This is part II of our three part post, Battle for the Back Woods, discussing many of the non native invasive plant species that are impacting the natural systems of the Back Woods. Part I discussed non native and invasive vines which top our list of plants threatening our little woods. With part II we take a look at a few non native shrub, herb, and grass species that are in the middle of our list bothersome plants…
In these posts you will see reference to Category I and Category II invasive species. These designations are defined as follows by the Florida Exotic Pest Plant Council (FLEPPC).
Invasive exotic plants are termed Category I invasives when they are altering native plant communities by displacing native species, changing community structures or ecological functions, or hybridizing with natives. This definition does not rely on the economic severity or geographic range of the problem, but on the documented ecological damage caused. Category II invasive exotics have increased in abundance or frequency but have not yet altered Florida plant communities to the extent shown by Category I species. These species may become Category I if ecological damage is demonstrated.
Many of these shrubby, herbaceous, and grassy species are considered serious and difficult to control pests. We place them in the middle of list of bothersome plants because most, with the exception Boston fern and primrosewillow, appear in very limited and so far controllable patches in the woods. Not an all inclusive list, these are our top seven herbs, shrubs, and grasses in descending order from the most pestiferous in the Back Woods.
Boston fern (Nephrolepis cordifolia), introduced to Florida from the ornamental plant trade, has been a serious problem in the Back Woods. As part of our restoration grant through the EPC of Hillsborough County, we were able to hire an herbicide contractor that helped us put a serious hurt on some fairly significant areas of dense fern populations. But because this Category I species can be persistent, returning from tuberous root systems or germinating from the thousands of spores released from fertile fronds, we have to be vigilant in our follow up control measures. Hand pulling and herbiciding are the primary means of control. Volunteers are welcome always to help us hand pull this readily identifiable species.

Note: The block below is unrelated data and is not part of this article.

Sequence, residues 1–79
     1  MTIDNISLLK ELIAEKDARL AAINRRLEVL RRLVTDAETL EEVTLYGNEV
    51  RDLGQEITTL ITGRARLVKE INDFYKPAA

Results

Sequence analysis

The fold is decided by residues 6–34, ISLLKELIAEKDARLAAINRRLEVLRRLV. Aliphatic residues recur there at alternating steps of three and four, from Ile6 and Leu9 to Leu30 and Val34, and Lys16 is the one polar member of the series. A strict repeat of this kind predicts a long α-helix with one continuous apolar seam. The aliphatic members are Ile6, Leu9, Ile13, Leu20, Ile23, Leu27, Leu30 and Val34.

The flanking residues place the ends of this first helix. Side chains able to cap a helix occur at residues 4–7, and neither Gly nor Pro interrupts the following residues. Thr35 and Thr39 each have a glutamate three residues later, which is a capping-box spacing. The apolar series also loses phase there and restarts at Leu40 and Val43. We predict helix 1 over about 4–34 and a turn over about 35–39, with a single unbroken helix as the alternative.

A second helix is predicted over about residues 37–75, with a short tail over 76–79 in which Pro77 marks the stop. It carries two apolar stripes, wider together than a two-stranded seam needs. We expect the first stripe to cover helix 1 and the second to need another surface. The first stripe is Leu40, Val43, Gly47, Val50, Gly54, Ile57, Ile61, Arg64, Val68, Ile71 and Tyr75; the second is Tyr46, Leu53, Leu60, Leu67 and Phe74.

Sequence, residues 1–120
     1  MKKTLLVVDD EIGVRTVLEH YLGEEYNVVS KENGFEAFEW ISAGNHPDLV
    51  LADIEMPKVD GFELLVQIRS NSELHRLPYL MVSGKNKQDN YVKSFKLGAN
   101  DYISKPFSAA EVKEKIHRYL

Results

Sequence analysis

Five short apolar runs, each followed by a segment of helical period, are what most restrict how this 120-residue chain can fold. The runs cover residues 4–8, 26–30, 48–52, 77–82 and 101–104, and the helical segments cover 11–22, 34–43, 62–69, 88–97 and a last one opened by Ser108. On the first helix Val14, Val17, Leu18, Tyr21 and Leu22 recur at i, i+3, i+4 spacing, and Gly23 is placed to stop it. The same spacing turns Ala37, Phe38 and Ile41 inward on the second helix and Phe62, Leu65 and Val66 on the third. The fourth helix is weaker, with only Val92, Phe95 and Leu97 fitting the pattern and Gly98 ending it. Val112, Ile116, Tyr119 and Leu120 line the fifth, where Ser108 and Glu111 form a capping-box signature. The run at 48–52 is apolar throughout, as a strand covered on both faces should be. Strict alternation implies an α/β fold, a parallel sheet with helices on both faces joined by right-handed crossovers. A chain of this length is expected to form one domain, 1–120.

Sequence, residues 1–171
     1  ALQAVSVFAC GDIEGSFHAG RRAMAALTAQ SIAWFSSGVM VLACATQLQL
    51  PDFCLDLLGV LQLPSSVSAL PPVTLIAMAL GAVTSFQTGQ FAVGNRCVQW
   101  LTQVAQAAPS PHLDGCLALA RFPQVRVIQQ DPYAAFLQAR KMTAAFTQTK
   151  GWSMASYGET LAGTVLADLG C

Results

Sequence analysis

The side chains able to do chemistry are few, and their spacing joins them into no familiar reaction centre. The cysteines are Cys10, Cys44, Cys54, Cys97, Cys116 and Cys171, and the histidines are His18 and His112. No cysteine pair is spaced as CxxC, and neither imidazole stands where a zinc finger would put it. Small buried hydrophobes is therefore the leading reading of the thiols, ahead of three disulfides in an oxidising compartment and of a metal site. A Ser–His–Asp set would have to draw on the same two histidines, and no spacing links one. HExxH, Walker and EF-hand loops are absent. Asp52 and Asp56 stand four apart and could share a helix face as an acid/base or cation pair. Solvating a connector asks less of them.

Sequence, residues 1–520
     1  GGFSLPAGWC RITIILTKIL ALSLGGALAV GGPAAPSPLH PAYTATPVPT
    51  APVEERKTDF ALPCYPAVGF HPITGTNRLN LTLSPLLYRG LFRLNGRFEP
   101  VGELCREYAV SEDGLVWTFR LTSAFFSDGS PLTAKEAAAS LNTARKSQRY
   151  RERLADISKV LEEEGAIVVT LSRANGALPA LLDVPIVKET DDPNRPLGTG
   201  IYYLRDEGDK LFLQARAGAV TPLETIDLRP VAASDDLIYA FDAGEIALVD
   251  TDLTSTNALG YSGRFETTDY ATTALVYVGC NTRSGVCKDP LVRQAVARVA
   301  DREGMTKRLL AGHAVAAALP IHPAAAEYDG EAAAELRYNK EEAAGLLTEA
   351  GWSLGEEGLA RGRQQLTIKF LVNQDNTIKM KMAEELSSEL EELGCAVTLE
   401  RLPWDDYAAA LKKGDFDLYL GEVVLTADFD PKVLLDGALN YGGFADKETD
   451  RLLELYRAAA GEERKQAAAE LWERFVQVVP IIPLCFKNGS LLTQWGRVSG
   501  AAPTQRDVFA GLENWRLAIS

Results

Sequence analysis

Peruvian primrosewillow (Ludwigia peruviana), an obligate wetland species, has found a foothold in many of the wet areas of the Back Woods. Primrosewillow has beautiful four petalled yellow blossoms nearly year round. Unfortunately the flowers of this Category I species are followed by large angled capsules that can sow the seed bank with millions (yes millions) of seeds. The plants themselves are pretty persistent even after application of herbicides. We cut and stump treat to make a dent in the population yearly. I am not sure we will ever completely eradicate it from the wetlands.
Caesar weed (Urena lobata) can be found most everywhere that is not overly wet in the Back Woods. While taking measures to control a wildfire that occurred in the Back Woods last year, the DOF put a plow line in around the sinkhole complex. Every inch of that disturbed bare soil erupted Caesar weed. Only a Category II species, Caesar weed is still very pioneering meaning it can rapidly fill any new openings or disturbed areas out competing other species for growing space. Volunteers have helped us hand pull thousands of square feet of Caesar weed in an effort to control its spread. Caesar weed produces fruit with hooked barbs that cling to the fur of passing animals or to just about any clothing as well as human hair. Part of our continuing challenge is to treat this species before it sets fruit and to take care not to spread the fruit ourselves.